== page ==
Congressional Committee,
which oversees House GOP
campaigns. In the 2014 and
2016 cycles, Walden took
over the chairmanship. He
said he spent 285 nights on
the road during that four-year
period, campaigning for
GOP candidates.
Walden helped grow the
House GOP majority to a
modern-day high in 2014 and
largely preserved it in 2016.
On the day after Trump’s
election, he sounded like a
winning football coach.
“I don’t know how to say
it, but we kicked their tails
last night,” he said. “And we
did it knowingly, willfully,
thoughtfully and with a lot of
Democrats think they can
use anger at Trump to retake
the House. But Walden’s
heavily Republican district
isn’t on their ambitious
91-seat target list.
His powerful chair-
manship helped him raise
$2.5 million in campaign
donations in the first nine
months of 2017. That’s more
than the four other members
of the Oregon House dele-
gation combined. His top
contributors include a who’s
who of interests before his
committee: The National
Association of Broadcasters,
Blue Cross/Blue Shield,
Comcast and Valero Energy,
according to the website
Open Secrets.
And if body language
tells you anything, Walden’s
developed a nice relation-
ship with the president. In
an October ceremony at
the White House, Trump
entered the room and reached
across another official to
shake Walden’s hands and
exchange a few words.
Wednesday, January 3, 2018
WEATHER: Hull arrived
at Pendleton in 1998
Continued from 1A
a refrigerator up in a tree.
If we’d had Doppler radar
sooner, we could have saved
some people.”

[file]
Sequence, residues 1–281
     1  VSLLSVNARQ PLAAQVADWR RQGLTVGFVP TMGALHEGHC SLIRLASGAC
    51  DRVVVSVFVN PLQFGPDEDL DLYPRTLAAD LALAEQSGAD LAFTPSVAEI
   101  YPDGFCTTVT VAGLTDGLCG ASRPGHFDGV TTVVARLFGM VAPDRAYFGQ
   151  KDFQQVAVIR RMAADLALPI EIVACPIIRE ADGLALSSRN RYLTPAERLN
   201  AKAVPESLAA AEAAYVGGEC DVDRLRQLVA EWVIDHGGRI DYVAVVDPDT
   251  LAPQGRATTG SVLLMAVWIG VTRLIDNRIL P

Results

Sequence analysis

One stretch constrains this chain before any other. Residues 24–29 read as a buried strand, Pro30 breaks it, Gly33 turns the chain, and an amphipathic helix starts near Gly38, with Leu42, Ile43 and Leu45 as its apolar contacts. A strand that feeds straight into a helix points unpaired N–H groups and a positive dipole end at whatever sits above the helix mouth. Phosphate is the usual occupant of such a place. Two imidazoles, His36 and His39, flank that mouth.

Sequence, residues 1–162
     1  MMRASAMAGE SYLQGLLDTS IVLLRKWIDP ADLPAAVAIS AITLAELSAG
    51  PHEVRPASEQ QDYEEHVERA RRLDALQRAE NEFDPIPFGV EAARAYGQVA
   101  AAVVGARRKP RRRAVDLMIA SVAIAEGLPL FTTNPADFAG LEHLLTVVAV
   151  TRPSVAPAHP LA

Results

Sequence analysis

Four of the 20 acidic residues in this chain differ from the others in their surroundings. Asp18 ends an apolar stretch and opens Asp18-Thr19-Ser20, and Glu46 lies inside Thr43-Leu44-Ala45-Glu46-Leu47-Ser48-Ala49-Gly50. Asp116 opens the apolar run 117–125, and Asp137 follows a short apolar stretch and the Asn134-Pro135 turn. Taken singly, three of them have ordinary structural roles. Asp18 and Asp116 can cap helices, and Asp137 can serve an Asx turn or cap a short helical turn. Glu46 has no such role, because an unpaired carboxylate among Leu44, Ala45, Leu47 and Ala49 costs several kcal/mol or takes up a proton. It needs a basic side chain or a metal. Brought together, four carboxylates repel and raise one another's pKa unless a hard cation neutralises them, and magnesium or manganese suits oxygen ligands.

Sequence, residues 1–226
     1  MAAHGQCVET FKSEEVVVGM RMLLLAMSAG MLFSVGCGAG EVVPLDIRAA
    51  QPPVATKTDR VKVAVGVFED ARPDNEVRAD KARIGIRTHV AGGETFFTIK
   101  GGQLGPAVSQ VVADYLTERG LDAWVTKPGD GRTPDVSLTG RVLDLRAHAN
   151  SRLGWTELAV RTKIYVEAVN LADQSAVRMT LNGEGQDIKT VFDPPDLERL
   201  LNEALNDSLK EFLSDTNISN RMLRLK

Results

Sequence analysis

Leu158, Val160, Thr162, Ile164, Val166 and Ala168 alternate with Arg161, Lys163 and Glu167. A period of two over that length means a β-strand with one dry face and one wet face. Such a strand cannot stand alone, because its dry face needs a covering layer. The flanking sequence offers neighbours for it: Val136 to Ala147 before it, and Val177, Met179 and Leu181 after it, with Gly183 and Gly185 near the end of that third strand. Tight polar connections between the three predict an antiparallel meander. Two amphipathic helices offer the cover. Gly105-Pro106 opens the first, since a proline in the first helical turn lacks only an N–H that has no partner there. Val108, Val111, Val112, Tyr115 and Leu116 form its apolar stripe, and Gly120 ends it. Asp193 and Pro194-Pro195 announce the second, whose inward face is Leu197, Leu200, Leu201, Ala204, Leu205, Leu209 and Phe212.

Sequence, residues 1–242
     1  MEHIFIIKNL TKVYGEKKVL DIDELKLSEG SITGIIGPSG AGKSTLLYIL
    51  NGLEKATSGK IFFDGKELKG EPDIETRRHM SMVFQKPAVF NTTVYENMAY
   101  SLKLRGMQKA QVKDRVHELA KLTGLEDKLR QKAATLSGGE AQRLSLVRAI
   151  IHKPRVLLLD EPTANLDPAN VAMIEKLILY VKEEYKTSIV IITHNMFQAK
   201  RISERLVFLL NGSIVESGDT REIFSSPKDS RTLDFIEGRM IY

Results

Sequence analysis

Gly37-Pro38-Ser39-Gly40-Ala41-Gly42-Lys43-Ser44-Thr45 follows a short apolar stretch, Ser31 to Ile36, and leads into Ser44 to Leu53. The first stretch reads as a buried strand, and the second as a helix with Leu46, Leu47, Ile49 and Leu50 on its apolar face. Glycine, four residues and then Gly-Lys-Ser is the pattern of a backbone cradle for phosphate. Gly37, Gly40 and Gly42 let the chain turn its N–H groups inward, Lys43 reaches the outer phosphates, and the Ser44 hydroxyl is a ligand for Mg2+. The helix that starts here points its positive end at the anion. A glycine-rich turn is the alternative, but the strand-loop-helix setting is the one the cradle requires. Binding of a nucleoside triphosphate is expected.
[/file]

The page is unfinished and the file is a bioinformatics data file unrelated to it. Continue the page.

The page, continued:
These days, though the
weather is more severe, the
number of weather-related
fatalities has dropped, he said.
“We’re able to get the
information out there sooner
so people can prepare,” he
Hull, who grew up on
a Montana farm, got inter-
ested in weather during his
boyhood because it played
such a big role in farming.
He remembers giving daily
weather briefings to his
high school French teacher.
In college, he first studied
electrical engineering, but
switched to meteorology
after being fascinated by an
intro-to-meteorology class.
Hull arrived at Pendleton
in 1998. Most recently,
Hull served as warning
coordinator meteorologist,
interacting with storm spot-
ters, the media, emergency
management officials and
others. He also made presen-
tations at local schools and
outdoor schools. Because of
his outreach, people often
recognize him on the street
and engage him about the
Hull said that weather
forecasting, despite the
avalanche of data, remains a
bit of an art. There is beautiful
drama and unpredictability in
the weather, Hull said. As an
example he compared data
transmitted from a weather
station located at the Pend-
leton NWS headquarters to
information generated from
another station half a mile
away on a runway at the
Eastern Oregon Regional
Airport. On some days, cool
air pools on the runway while
the air is warmer only half a
mile away at the NWS office.
“There may be a five-de-
gree difference in half a mile,”
Hull said, “and we’re making
a forecast for thousands of
square miles.”
Mother Nature’s power
never fails to awe Hull. When
stationed in Salt Lake City in
the late 1980s, he watched air
roll off the desert and pick up
moisture as it blew across the
“Then, bang, it was a full-
blown storm when it hit the
mountains,” he said.
Hull said he will miss
camaraderie and collabora-
tion with his colleagues and
public partners, but welcomes
the next chapter. He plans to
continue his role as a part-time
school bus driver for the Mid
Columbia Bus Company. In
the summertime, he aims to
get outdoors for a full slate of
gardening, hiking and biking,
and more time with his wife,
Hull will continue to
pay attention to the weather
because it is interesting.
He doesn’t have a favorite
weather condition, though
he admitted disliking fog
and dust storms. The mete-
orologist doesn’t believe in
wasting time complaining
about the weather.
“It is what it is,” he said.